When was the last time you called your mom/dad/brother/sister/son/daughter/heterosexual-life-mate and told them you loved them? When was the last time you went and had lunch with a good friend? Don’t ignore the things that make you happiest deep down in your soul. You may forget from time to time, but remind yourself to do these things daily, weekly, monthly… whenever you feel yourself getting disconnected. These personal relationships are what living is all about, so get living!

Also, remember to smile!

Remember to smile!

Captain’s Log: Supplemental

I’ll finish up with some awesome Picard pictures and some other great Picard quotes (not at all related to the pictures)

What we leave behind is not as important as how we have lived

 

 

Captain Jean-Luc Picard: The economics of the future is somewhat different. You see, money doesn’t exist in the 24th century.
Lily Sloane: No money? You mean, you don’t get paid?
Captain Jean-Luc Picard: We work to better ourselves.

 

Image courtesy of WrongTees

 

 

Doctor Beverly Crusher: Personally, I think you just enjoy waking everybody up in the middle of the night.
Capt. Picard: Actually, I really like running around the ship in my bare feet.

 

Capt. Picard: Wishing for a thing does not make it so.

 

Capt. Picard: Don’t try so hard to be human. Just be yourself.

What is your favorite life lesson you leaned from Star Trek: TNG?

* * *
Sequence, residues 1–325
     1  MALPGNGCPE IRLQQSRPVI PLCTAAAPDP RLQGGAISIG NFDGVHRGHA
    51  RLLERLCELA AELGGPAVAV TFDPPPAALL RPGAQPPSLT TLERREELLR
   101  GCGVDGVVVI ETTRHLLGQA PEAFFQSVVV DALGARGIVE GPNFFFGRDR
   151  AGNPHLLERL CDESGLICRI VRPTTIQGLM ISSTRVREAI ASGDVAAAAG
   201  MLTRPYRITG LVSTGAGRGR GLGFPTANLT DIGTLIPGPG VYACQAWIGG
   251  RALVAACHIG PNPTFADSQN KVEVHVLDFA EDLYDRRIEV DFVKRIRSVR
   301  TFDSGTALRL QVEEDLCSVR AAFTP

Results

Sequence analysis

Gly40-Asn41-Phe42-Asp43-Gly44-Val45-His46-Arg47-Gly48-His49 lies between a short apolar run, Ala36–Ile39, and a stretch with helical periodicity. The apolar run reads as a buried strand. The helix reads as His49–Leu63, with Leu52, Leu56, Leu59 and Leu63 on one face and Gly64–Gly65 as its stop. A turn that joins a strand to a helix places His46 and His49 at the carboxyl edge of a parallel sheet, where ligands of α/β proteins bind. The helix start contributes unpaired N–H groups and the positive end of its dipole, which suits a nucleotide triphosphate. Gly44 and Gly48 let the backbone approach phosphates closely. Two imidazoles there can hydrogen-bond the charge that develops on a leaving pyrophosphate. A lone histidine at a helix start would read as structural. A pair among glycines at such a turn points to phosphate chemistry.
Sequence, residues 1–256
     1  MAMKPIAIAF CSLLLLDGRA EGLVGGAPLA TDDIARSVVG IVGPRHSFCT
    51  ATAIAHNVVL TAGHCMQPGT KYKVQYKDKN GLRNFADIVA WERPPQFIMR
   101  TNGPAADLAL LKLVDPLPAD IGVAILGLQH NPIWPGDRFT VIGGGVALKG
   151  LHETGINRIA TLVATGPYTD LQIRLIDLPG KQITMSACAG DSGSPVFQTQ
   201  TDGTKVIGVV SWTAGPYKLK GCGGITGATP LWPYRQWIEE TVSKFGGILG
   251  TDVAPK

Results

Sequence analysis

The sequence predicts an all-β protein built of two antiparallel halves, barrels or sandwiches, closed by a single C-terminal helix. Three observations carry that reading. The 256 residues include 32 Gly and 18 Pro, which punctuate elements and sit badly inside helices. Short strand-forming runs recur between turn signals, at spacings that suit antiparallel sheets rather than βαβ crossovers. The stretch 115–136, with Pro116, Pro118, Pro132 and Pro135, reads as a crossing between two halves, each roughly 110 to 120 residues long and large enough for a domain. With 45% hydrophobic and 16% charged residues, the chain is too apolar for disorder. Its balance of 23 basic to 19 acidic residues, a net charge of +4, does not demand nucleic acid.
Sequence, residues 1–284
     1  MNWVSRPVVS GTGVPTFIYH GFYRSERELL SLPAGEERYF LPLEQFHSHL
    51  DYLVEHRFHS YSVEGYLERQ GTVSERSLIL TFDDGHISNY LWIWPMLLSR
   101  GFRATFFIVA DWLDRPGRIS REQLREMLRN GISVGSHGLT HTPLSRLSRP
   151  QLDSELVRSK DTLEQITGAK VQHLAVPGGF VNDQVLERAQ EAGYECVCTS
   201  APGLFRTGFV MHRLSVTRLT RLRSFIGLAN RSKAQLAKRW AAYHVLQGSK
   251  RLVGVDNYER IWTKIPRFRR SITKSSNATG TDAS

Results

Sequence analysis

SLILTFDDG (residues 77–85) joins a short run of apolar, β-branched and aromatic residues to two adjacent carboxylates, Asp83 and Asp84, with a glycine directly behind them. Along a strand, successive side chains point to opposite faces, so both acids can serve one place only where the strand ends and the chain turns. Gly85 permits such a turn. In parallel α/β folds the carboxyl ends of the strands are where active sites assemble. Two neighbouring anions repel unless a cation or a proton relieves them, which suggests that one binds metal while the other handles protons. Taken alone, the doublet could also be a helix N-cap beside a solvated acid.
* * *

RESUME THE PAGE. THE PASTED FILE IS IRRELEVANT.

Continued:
What is your favorite Picard moment?
Is it really possible to repair a warp conduit in 5 minutes?

Let me know in the comments!

When the Cat’s Away, The Mice Will… Write a Lot of Blog Posts!

Image courtesy of foskarulla on Flickr

You may have noticed that I have been writing more these last few days. Partly, that’s because my wife and my sister packed up all of the kids, 4 total from 10 months old to 7 years old (God, give them strength.), and took off to the beach.

Only one ER visit so far during the trip!

So I am wifeless, kidless, and have extra free time on my hands. But mostly, I’ve been writing more because…

I’ve been feeling really inspired lately.

The weather is nice, the air is fresh, the world is getting colorful again. But for me, there are three primary reasons that I have been feeling so good. I thought I would share them with you.

1. I’m almost there

Image courtesy of Evil Erin on Flickr

It is hard to believe, but I am nearly at the end of my planned weight loss journey. All I have to do is “just tap it on in, tap, tap, tappy.” Last December, I set out a three phased plan to lose weight:

  • Starting out: I started at 236 lbs. (Boo this weight!)
  • Goal 1: Be down to 220 lbs by April for my fraternity’s annual graduate dinner. Check (though I gained 3 pounds from the dinner and Pabst Blue Ribbon that weekend)
  • Goal 2: Be down to 200 lbs by September for my 10 yr high school reunion. Check (and the old high school honeys couldn’t keep up with my tootsie roll)
  • Goal 3: Be down to 190 lbs by New Years Eve so my wife’s birthday present can be ABS (And back abs, ’cause there’s a Situation up in here)

Really, I didn’t know what I should set my end weight goal to be. I ended up and chose 190 because it was a good even number on the upper end of the “Normal weight” BMI chart. (Holy shit! I just realized I am in the normal weight range on the BMI chart!) I knew that would get me to a point where I would really be able to assess my body and reassess my goals.